28 Sep Day 3 – Beyond Baku
Day 3 - Absheron Peninsula
The Absheron Peninsula has a variety of unique mud volcanoes, with 300 of them in Azerbaijan, 30 per cent of the world’s total. Exploring the Absheron Peninsula will give you an insight into why Azerbaijan is called the “Land of Fire”.
Yanardag, The Burning Mountain
Yanardag is a natural gas fire known to blaze continuously, despite rain and snow on a hillside on the Absheron Peninsula on the Caspian Sea. Fire has never been exhausted because of the hydrocarbon gases from below the earth’s surface. Seeing a nature fire gas mountain was unique.
Ateshgah - The Fire Temple
Built-in the 17th and 18th centuries in Surakhani town, the Hindus and Zoroastrians use Baku Ateshgah as a place of worship. It has a courtyard surrounded by cells for monks. In the middle of the courtyard is an altar with a blazing flame used for prayer. Here you will find inscriptions in Persian, Sanskrit and Punjabi. Unfortunately, the current fire is no longer natural as the gas reserves were depleted under Soviet rule.
Gobustan Museum and Petroglyphs
Before heading to the National Park, visit the dedicated Gobustan Museum, which explains the rock’s drawings’ history with interactive displays and public exhibitions. You will also see human bones and ancient tools from the Mesolithic period.
Gobustan National Park: A Natural Wonder
The Gobustan National Park, also known as the Gobustan Rock Art Cultural Topography, is another UNESCO World Heritage site. An open-air museum with old petroglyphs offers insight into Azerbaijan’s ancient people. During the Stone Age, approx 15,000 years ago, hunters settled in caves in the hills of the Gobustan area. These caves portray the long history of human habitation in this region, with over 600,000 rock paintings of prehistoric life, animals, hunters, warriors, ceremonies, rituals and national dances.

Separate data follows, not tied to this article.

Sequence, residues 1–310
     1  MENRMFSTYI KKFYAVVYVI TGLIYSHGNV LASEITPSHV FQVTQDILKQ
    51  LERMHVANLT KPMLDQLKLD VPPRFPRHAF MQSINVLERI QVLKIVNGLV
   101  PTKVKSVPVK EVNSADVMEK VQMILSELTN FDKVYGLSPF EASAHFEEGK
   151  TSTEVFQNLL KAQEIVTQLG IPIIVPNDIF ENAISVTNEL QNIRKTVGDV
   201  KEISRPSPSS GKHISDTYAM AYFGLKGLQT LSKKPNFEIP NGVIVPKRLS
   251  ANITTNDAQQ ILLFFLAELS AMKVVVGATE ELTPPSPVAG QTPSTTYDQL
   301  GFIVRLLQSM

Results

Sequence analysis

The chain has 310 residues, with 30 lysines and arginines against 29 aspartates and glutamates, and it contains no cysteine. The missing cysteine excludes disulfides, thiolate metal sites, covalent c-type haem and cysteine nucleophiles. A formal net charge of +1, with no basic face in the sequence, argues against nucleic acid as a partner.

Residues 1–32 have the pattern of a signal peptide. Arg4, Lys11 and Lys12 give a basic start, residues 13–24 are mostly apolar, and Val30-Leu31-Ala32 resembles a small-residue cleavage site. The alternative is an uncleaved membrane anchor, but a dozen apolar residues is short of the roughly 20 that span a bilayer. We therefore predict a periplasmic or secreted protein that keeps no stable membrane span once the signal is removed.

There is also one significant rock fragment called Qaval Stone, and when it is struck, it sounds like a drum, which sounds fantastic against the backdrop of this unique landscape.
Gobustan, Mud Volcanoes
Gobustan is 68km or approx an hour from downtown Baku, where you will find the mud volcanoes at Dashgil near the Gobustan Reserve. As you drive halfway towards the reserve, you will need to change your transport to a local taxi (usually an old Soviet car) from the Gobustan Reserve, which is approximately 20 AZN.
Once we got into our tiny car, we drove through a sandy terrain covered with mud lava and in the distance, we could see the blue sea waters and an empty wasteland with some small volcanoes spitting mud. We made our way to an enormous volcano standing on its own. This volcano is 3000 metres, and its crater is 3 meters. The grey mud you see bobbing from the crater is pushed to the surface, created from gases underneath the earth’s surface and is icy. The mud from the volcano is believed to be good for the skin and immune system, and so many visitors enter the mud-filled crater pool or cover their bodies with the mud. You can then wash yourself off at the nearby lake.
Oil Pumps & Oil Fields
Historically, oil surfaced around Baku in the 10th century. The first oil rig was in operation in 1846 and was the first in the world! By the 20th century, Azerbaijan was producing 50% of the world’s petroleum, boosting its economy, and thus creating skyscrapers around the city.
From 1920 to 1991, Azerbaijan became a republic under the Soviet Union; until October 1991, when the country gained independence. Oil exports increased again and contributed to its massive economic growth, with Baku ports prominent on the Caspian Sea.
Trivia: For James Bond fans, you may recognise the oil rigs used as a high-speed chase through the oil field scene (driven by Pierce Brosnan) in the movie ‘The World Is Not Enough’.
Bibi Heybet Mosque
Bibi-Heybet Mosque, one of the oldest mosques in Baku, was destroyed by the Bolsheviks during communist rule in 1936. Today you will see the recreated version, built in the 1990s with the same name. The Shirvanshah dynasty built it around the tomb of Ukeyma Khanum, a descendant of Mohammed. In Azeri culture, a pir is a holy place often associated with a sacred grave, thus becoming an important place of worship for local people.
Heydar Aliev Mosque
Heydar Mosque, named after the former President of Azerbaijan, Heydar Aliyev, is located in the Binəqədi raion of Baku. It is the largest Mosque in the South Caucasus region, adorning an ancient Azerbaijani architectural building with its trio of 95-meter-high minarets, intricate stonework and elegant interior. In 2012, work started on the construction of the Mosque, and two years later, in December 2014, the impressive Mosque officially opened.
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